Education, Reputation or Network? Evidence from Italy on Migrant Workers Employability
Massimiliano Mazzanti, Susanna Mancinelli, Giovanni Ponti, Nora Piva
Educational Qualifications,Migrant Networks,Immigrant Employability,Reputation,Segmented Labour Markets
Economy and Society
Gianmarco I.P. Ottaviano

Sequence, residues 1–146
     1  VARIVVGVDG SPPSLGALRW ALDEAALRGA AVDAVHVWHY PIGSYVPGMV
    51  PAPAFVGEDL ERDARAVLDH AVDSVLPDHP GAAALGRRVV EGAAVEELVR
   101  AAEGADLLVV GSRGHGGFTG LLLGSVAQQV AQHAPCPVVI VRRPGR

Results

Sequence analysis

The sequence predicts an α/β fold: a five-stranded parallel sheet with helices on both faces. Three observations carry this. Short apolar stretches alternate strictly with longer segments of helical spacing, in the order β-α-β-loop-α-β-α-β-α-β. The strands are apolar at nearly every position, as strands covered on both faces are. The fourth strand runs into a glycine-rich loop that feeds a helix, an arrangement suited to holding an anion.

The strong adverse selection that immigrants face in hosting labour markets may induce them to adopt some behaviours or signals to modify employers’ beliefs. Relevant mechanisms for reaching this purpose are personal reputation; exploiting ethnic networks deeply-rooted in the hosting country; and high educational levels used as an indirect signal of productivity. On this last point, the immigrant status needs a stronger signal compared to that necessary for a local worker, and this may lead the immigrant to accept job qualifications which are lower than those achievable through the embodied educational level. This could explain the over education problem that characterizes many countries, Italy included. The aim of the paper is to investigate whether the above mentioned mechanisms are adopted by immigrants in Italy, a crucial country for EU immigration flows, and if they are useful in increasing immigrants’ likelihood of employment. The empirical analysis has been conducted using the dataset from a national Labour Force Survey which provides information on 6,860 documented immigrants. We estimate a logit model for immigrants’ likelihood of being employed, focusing on the above mentioned mechanisms: reputation, ethnic networks and educational level. Moreover we concentrate on the interaction effects of the mechanisms and investigate whether one of them wins on the others. Results show that each of the three mechanisms is statistically and economically significant and exerts positive influence: all factors contribute to increasing the immigrant’s probability of being employed. Anyway, a high level of education increases the probability of being employed more than the belonging to ethnic networks deeply-rooted in Italy. The specific embodied capital of workers matter relatively more. This is relevant for labour public policies in this specific realm since the human capital lever is a possible direct target of various public policies and private human capital investments.